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December 13, 2022updated 26 Jun 2023 3:43pm

Château de la Tour 2018 Clos-Vougeot Vieilles Vignes: A pattern of restorative loveliness

By Andrew Jefford

Andrew Jefford is inspired by a single bottle of Château de la Tour 2018 Clos-Vougeot Vieilles Vignes.

Does the wine world have a center? Or a periphery? Surely not. Difference is the engine of wine creation, which in turn seeks out new difference. The global roster swells; skies change, reform, surprise. Thus, the many-scented ripples extend, washing to and fro, bringing joy and intrigue, every glass chatting companionably with every other: a demos unlimited.

Step into time, though, and the case may be different. There is a gravity of succession at work here. Side-lit in this way, the little upstairs room in which I tasted this wine may well lie close to the center of our wine world. It’s in a place, in other words, where an emblematic pattern of restorative loveliness first came into being.

Château de la Tour is the only winery inside Clos Vougeot, its wine drawn from the largest holdings (5.48ha [14 acres], or around 400 barrels a year) of the grand cru. The building dates from 1890; before that, this room would have been air over vines. Eighteenth-century swallows would have swooped here in summer; 15th-century crows cawed their way through the still, frosty winter chill. The vines and their ancestors have stood for 800 or 900 years. This was a vineyard cleared, planted, and eventually walled by patient Cistercians, over the course of two centuries, from 1109.

It was a local vineyard, initially: Cîteaux, wheezing in its forest marsh, had been founded 11 years earlier, under 9 miles (14km) away. The dissatisfied radicals behind it struggled until the arrival of Bernard de Fontaine in 1113. Despite his own poor health (including, Britannica claims, “an atrophied sense of taste”), Bernard proved an inspirational leader. Forty years later, Cîteaux was motherhouse to 400 abbeys. A cellar and dormitory were built among the Vougeot vines in the 12th century and subsequently much expanded, including the installation of four giant presses, each capable of pressing 4 tons of grapes. That monastic grange, the Château du Clos de Vougeot, is the second, older and larger building inside the vineyard walls. Wine is no longer fermented there, though its rafters often ring with song.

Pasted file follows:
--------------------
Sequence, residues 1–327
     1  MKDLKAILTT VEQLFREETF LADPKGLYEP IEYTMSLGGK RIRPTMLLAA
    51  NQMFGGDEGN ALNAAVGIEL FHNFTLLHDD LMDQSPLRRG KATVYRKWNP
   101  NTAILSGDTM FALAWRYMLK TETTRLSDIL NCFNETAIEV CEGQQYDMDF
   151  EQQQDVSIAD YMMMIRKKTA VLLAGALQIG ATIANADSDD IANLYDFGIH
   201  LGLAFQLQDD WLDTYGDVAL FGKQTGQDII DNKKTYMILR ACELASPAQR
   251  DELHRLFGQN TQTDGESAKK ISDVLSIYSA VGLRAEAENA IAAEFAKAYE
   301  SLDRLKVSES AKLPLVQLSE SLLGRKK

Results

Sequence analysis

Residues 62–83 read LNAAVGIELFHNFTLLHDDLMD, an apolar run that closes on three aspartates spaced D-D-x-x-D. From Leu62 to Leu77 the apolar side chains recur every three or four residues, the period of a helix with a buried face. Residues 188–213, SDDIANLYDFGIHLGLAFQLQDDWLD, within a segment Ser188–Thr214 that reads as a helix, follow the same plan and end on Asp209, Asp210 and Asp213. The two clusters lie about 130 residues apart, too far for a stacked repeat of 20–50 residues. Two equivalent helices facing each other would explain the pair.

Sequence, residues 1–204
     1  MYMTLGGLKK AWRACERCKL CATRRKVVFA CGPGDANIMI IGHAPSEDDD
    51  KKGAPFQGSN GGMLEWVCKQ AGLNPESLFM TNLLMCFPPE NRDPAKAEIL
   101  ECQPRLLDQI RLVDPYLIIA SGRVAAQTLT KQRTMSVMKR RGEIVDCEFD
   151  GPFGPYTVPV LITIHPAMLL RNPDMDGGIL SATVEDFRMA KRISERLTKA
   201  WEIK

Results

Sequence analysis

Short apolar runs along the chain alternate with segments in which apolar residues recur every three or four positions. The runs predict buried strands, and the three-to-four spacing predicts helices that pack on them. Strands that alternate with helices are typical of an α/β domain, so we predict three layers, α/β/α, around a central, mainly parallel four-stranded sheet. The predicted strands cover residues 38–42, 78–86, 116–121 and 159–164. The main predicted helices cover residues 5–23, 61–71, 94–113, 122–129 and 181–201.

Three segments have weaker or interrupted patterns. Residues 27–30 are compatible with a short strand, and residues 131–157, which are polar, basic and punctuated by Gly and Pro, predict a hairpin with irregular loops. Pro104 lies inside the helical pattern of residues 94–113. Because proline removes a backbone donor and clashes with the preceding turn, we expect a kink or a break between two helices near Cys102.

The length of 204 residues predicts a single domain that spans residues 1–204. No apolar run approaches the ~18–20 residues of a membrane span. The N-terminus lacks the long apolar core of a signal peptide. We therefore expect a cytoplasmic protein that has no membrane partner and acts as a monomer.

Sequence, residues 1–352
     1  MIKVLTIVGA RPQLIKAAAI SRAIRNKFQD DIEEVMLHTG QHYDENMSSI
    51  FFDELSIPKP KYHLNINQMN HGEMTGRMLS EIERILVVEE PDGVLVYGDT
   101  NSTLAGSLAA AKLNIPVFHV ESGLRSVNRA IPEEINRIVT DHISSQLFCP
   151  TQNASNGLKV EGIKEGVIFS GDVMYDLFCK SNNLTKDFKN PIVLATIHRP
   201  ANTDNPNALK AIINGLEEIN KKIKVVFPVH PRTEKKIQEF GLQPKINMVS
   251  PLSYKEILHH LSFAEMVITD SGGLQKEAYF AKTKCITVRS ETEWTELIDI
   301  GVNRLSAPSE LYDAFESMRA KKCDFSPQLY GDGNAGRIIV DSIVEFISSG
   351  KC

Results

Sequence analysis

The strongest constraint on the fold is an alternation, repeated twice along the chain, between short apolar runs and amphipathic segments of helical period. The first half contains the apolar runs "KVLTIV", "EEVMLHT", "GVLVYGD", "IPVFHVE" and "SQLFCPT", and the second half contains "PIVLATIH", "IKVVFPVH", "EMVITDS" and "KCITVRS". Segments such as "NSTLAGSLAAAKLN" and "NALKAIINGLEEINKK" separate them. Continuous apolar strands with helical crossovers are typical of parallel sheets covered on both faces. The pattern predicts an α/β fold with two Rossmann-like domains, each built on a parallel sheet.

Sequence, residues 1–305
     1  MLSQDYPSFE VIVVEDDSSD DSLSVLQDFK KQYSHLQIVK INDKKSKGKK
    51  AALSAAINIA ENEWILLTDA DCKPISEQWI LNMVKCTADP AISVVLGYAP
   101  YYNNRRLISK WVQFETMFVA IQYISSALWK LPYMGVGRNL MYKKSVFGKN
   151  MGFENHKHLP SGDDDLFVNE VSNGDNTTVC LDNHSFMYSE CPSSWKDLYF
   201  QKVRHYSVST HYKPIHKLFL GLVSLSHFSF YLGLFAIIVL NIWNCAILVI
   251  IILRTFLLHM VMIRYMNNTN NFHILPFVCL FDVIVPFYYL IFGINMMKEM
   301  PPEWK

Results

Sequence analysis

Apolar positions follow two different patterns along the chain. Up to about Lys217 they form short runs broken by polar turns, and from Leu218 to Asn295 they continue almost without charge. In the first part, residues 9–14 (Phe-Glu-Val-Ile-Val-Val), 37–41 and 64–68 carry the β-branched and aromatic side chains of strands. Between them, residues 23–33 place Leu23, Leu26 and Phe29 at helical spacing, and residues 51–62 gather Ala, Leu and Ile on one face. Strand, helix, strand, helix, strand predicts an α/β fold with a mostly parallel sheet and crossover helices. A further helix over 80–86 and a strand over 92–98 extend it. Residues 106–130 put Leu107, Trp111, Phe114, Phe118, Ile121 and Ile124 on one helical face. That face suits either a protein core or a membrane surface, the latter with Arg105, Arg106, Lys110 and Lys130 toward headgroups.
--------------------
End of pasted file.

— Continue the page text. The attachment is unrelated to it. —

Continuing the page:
Clos Vougeot: Grand cru joy

The only wine coming into being inside the clos is fermented at Château de la Tour by François Labet, his son Edouard, and their helpers. While Edouard supervised the barreling of the 2022 harvest in the cellar downstairs, 16 fellow students and I gathered with François in that upper room to taste two vintages of the classic cuvée (2017 and 2018) and five of the Vieilles Vignes cuvée (2019 back to 2015). We laughed a lot; father and son are both full of fun. The room was sunlit, warm. But the wines were joyful and exuberant, too: broad-shouldered, generous, tender, animated. Perhaps that’s Clos Vougeot at its best? It’s not the sternest red grand cru (Corton, maybe); nor the grandest (Chambertin), the most exotic (La Tâche), the most courted (Romanée-Conti), or the most delicate (Musigny). But it can be the most joyful.

“Wine should be like a ball in your mouth,” François told us. And these wines were—aided in these vintages by what he calls “climate deregulation, very good for the northern regions.” Thus far. The downside, he said, was “more climate accidents”: quantitively, Château de la Tour has lost the equivalent of two full harvests between 2010 and 2020.

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What defines a ball? Its roundness, to begin with; there was nothing ribbed or angular here. All of the wines were fleshed and poised, not gaunt. A ball needs inner substance, held smoothly in place by its shell, no matter whether that substance is air, rubber, twine, cork, sand, or gel. These wines are warm with fruit flesh, itself lent density by the structuring effects of whole-bunch fermentation, as well as by skin and pip tannins, coaxed into solution with a little foot pigeage; however, said Edouard, “we are infusion now—more like a tea.” And a ball, realizing its purpose, implies movement and energy. These not only filled the mouth but described an arc within it. As I tasted, I jotted the words “breathing” and “breath,” as if the wine was a kind of athlete, ventilating as she or he surges forward.

The differences in season were there: 2019 zesty and bright yet still misty with youthful sweetness; 2017 aromatically allusive, a charmer, easier to read at present than its peers; 2016 as elegant and detailed as a book of hours, tight-stitched and pure; 2015 the biggest and densest of all, grand and yak-like, with a steam of fruit swirling from its nostrils. But let’s choose the 2018, since it was with that wine that I felt I might have seen what the distant Cistercians glimpsed when summer had been kind, what they took with them back to the cold cells of Cîteaux, and what later became so prized that even the Avignon popes wanted “Beaune” on their tables.

It was, in a way, an overture to the hills above and the land beyond: summer itself, in pasture and meadow, in bramble and stone, in spice and herb; a wine so joyous that it almost seemed loving.

On apprend beaucoup plus des choses,” wrote Bernard to the English cleric Henry Murdac, exhorting him to the monastic life, “dans les bois que dans les livres; les arbres et les rochers vous enseigneront des choses que vous ne sauriez entendre ailleurs …” (Lettres 106). “You learn more in the woods than in books,” the man with an atrophied sense of taste wrote; “the trees and the rocks will teach you things that you’ll never come to know elsewhere.” Indeed; and the vineyards, too.

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